I really enjoy herbs and have grown them for years in my garden. I have trouble with the practice of keeping my herbs contained to a single square foot. I like English gardens. The messier and bigger the plant, the happier I am. So take my advice with a gain of salt. Herbs like tough love, the less care you provide the happier they are. Any herbs that are related to the mint family are out to take over the world, for example oregano. 1 plant per garden. Rosemary and Sage can also get pretty big, quickly...again 1 per garden. Chives are great, grow those from seed. It might be easier to help with spacing if you ask about specific herbs. Enjoy your new garden.

Patty from Yorktown

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Herbs

Post  mrseltzer on 5/3/2010, 10:08 pm

Hi Patty-

Well here is the list. You covered some of them already:

  • Rosemary
  • Thyme
  • Oregano
  • Basil
  • Tarragon
  • Summer Savory
  • Margoram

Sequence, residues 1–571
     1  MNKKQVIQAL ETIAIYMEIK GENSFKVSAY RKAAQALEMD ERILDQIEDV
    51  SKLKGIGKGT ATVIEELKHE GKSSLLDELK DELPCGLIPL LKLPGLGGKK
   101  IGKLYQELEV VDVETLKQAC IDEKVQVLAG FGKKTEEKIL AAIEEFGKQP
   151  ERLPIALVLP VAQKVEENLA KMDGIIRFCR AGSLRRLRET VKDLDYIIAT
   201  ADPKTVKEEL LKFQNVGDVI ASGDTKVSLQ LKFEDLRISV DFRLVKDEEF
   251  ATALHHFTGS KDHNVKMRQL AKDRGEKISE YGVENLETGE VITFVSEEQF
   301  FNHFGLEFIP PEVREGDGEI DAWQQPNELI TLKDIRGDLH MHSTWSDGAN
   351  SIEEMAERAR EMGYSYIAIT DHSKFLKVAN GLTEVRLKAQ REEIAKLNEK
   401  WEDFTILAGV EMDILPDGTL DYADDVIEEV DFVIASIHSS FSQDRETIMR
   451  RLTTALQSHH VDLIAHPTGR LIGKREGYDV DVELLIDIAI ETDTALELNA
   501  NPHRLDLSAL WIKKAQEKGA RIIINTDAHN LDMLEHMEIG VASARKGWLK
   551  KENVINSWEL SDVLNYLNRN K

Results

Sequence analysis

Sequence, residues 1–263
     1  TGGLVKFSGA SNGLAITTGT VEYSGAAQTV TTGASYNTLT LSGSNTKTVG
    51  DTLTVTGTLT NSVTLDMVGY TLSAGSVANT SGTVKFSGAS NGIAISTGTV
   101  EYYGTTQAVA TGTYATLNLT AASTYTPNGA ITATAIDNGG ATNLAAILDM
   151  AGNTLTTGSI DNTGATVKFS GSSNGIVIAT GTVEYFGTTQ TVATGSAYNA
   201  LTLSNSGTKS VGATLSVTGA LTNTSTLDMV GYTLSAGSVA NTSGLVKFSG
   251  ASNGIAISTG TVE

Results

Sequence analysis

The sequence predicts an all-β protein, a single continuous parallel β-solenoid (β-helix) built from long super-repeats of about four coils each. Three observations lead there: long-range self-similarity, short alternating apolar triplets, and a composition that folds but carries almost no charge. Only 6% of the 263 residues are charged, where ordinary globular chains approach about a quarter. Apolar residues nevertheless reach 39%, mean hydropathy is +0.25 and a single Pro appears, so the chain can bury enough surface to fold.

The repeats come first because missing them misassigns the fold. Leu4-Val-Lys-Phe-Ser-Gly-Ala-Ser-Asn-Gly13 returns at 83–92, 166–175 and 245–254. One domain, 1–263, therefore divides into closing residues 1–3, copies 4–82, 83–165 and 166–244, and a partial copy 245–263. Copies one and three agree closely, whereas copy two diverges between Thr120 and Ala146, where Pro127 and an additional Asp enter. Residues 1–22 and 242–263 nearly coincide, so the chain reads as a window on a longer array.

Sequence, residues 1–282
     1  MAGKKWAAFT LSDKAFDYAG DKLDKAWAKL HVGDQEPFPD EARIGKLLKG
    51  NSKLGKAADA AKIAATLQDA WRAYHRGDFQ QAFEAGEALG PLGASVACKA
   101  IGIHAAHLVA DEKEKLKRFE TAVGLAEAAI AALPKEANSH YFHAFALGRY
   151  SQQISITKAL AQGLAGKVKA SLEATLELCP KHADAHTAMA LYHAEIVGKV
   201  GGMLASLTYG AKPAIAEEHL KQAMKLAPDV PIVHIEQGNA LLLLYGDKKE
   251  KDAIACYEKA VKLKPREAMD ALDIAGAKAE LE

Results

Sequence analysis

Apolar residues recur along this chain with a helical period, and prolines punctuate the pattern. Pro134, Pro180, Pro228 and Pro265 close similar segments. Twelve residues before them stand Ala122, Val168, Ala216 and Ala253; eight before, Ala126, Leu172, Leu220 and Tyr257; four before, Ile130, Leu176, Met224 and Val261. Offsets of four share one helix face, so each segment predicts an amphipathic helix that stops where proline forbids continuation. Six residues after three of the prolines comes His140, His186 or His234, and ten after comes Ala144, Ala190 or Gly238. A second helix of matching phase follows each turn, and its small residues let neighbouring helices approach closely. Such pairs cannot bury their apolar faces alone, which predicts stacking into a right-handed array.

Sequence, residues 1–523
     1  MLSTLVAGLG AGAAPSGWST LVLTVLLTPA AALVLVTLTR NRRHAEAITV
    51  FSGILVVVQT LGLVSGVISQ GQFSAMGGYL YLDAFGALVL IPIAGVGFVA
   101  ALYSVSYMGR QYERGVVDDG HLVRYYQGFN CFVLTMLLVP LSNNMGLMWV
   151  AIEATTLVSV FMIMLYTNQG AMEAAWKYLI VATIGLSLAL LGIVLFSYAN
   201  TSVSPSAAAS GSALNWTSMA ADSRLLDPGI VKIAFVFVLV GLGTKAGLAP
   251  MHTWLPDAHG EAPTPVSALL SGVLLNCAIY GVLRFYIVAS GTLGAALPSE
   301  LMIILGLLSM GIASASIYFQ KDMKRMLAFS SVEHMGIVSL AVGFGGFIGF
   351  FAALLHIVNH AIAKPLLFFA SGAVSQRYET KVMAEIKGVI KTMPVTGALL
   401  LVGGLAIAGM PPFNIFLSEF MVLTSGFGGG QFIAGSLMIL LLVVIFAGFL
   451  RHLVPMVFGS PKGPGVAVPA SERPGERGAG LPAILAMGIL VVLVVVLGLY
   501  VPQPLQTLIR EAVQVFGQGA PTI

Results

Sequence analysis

• Chives
  • Sage
  • Cilantro
  • Italian Parsely
  • Dill
  • Borage

We love cooking with fresh herbs. They are very expensive in the store, so we decided to grow them. I may try lemon balm as well.

Thank you for your input-

Mary

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Re: Herbs

Post  Patty from Yorktown on 5/4/2010, 7:06 am

Hi, Your list is very helpful. Here goes my answer:
* Basil-4 per square (or one if it is a bushy pesto type of basil or you harvest lots) I love basil and plant lots, it is not a perennial and is very frost sensitive. In our are zone 7a it can be grown from direct seeding in the garden. Plant near tomatoes as a good companion.
* Tarragon- 1 per square, watch the type you purchase, one is better for cooking (sorry do not remember which one.)
* Summer Savory- not sure here. I have winter savory and 1 plant is fine. Don't really know what to do with it.
* Margoram- 1 per square, responds well to harvesting. Member of the mint family, do not plant too close to oregano as it will cross pollinate.
* Cilantro- my guess is 4 per square, however this is the first year I have grown cilantro, can be grown from seed.
* Italian Parsely- probably 4 (although I was given a second year plant that was 1 per 2 sqf, it is a 2 year plant.)
* Dill-1 per square, does not like heat and is often butterfly food (might try 2 or 4 per square)